The Heart Failure Policy Toolkit – an online policy resource

The Heart Failure Policy Network is a multidisciplinary group of politicians from across Europe working with patients, health professionals and other stakeholders to lead significant policy changes that may improve the lives of people with heart failure. To find out more about us, please click here.

The Heart Failure Policy Toolkit is an innovative resource designed with the policymaker in mind. It aims to expose existing gaps in care and offer integrated and sustainable solutions.

The Toolkit is focused on 10 priority actions, organised around four key themes, as per below. Please click on any one of them to get started.

ic-pillarMake heart failure an national priority

1

National HF strategies

2

Public Awareness Campaigns

3

Data-driven Resource Planning

Until now, heart failure has been a forgotten condition. Yet 1 in 5 of us are at risk of developing heart failure over the course of our lives* and its cost to health care systems is considerable.

What’s more, heart failure is a debilitating condition which has a huge impact on the quality of life of those affected.* Many patients are treated inadequately, causing avoidable suffering and early death.

National leadership is key to raising awareness of the unmet needs surrounding heart failure. Every country should have a written strategic plan of reducing the burden of heart failure. Public awareness campaigns are needed to help everyone understand the symptoms of heart failure. Reliable data are also critical to identify what needs to be done to improve outcomes for patients, making best use of available resources.

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ic-pillarDiagnosis and prevention in those at risk

4

Professional training

5

Availability & reimbursement of diagnostics

Early detection is key in heart failure–putting patients on appropriate treatment as early as possible is vital to help minimise the risk of their symptoms getting worse, prolong their lives and improve their quality of life.*

Unfortunately, heart failure is often not on many healthcare professionals’ radars. As a result, they may not always recognise symptoms of heart failure, and patients only get diagnosed once severe damage to their heart has already taken place.* Equally, they may not be aware that heart failure can occur in younger as well as older people.

Doctors may also not think to try to prevent heart failure in their high-risk patients through appropriate lifestyle changes or medication.

Improving healthcare professionals’ understanding of heart failure is therefore urgently NEEDED. Appropriate diagnostic tools should also be available and reimbursed in all relevant settings of care to help avoid any delays in diagnosis.

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ic-pillarMulti-disciplinary, person-centred care

6

A standardised HF Pathway

7

A dedicated contact for follow up care

8

Person-centred care plans

Clinical guidelines for heart failure exist, however many people with heart failure still do not get the right treatment,* even in hospital.

Evidence has shown that patients who receive input from a cardiologist* are given evidence-based treatment to help stabilise their condition and are discharged from hospital with a clear discharge and follow up plan5.These patients have a lower risk of being re-admitted to hospital or of dying within one year.*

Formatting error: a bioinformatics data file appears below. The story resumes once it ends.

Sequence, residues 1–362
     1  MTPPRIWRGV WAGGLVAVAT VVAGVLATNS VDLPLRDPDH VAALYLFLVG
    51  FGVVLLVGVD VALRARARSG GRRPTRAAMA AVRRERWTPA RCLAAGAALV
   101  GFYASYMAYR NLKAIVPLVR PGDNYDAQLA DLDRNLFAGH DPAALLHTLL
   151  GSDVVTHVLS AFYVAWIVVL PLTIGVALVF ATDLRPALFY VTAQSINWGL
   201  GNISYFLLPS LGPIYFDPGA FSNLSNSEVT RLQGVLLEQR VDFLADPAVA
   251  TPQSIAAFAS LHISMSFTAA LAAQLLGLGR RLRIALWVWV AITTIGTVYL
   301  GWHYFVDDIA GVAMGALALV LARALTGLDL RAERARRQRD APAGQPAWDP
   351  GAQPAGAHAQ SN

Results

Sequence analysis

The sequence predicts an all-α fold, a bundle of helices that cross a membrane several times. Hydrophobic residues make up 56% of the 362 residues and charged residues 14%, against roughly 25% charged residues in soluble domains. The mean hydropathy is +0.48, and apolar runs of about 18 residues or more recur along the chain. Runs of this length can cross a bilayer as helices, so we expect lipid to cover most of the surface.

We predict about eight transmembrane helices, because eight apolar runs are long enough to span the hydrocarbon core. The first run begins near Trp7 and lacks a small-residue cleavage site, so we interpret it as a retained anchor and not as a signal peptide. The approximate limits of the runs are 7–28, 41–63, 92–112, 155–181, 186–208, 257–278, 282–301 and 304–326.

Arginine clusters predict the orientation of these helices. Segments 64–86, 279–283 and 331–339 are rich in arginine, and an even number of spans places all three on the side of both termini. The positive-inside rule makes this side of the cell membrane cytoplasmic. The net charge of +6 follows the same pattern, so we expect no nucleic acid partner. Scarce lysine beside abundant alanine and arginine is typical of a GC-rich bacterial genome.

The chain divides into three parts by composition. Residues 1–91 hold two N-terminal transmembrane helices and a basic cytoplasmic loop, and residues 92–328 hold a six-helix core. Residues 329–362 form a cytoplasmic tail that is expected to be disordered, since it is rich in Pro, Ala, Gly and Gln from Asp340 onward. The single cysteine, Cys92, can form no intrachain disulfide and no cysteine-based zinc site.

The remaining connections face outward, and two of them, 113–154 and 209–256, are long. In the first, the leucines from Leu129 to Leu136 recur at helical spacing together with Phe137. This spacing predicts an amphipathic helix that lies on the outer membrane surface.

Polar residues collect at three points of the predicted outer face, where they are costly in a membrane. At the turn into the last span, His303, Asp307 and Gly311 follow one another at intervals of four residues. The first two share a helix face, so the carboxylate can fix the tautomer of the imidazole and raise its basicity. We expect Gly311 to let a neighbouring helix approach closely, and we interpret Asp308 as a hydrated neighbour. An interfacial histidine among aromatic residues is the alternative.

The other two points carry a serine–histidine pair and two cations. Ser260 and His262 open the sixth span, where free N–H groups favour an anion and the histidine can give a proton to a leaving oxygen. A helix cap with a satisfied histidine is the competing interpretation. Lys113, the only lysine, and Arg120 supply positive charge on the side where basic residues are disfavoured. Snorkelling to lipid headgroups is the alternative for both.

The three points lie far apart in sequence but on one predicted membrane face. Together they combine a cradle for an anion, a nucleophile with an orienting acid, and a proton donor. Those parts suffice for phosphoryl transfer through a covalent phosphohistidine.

Heart failure is a long-term condition. A key care goal must therefore be to help patients engage in their care and maintain as good a quality of life as possible over the course of their condition. To do this, patients need a personalised care plan tailored to their individual needs.

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ic-pillarInvestment in tools and resources in primary care

9

Workforce planning

10

Investment in innovative tools

Inadequate follow up and long-term care in primary care is one of the key reasons why patients with heart failure often end up being admitted to hospital. GPs are usually the first point of contact for patients with heart failure. However, they often do not have the time or resources to monitor their patients, and nurses with specific training in heart failure are usually not available to fulfil this role.

Innovative tools that encourage self-care – for example patient self-monitoring tools – may also help keep heart failure patients out of hospital. However, in most countries these tools are often stuck in ‘pilot’ mode because of logistic or institutional barriers and are not implemented on a broad scale.

If we are to improve outcomes for people living with heart failure, we urgently need careful workforce planning and better use of tools that encourage self-management in primary care. Each healthcare setting needs to explore the feasibility of different approaches to suit their particular context.

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  • Lloyd-Jones DM, Larson MG, Leip EP, et al. Lifetime risk for developing congestive heart failure: the Framingham Heart Study. Circulation 2002;106(24):3068-72.

  • Jeon YH, Kraus SG, Jowsey T, et al. The experience of living with chronic heart failure: a narrative review of qualitative studies. BMC Health Serv Res 2010;10:77

  • Ponikowski P, Anker S, AlHabib K, et al. Heart failure: preventing disease and death worldwide. : European Society of Cardiology., 2014

  • British Society for Heart Failure. National Heart Failure Audit April 2012-March 2013. University College London.: National Institute for Cardiovascular Outcomes Research., 2013

  • Paul S. Hospital discharge education for patients with heart failure: what really works and what is the evidence? Critical care nurse 2008;28(2):66-82.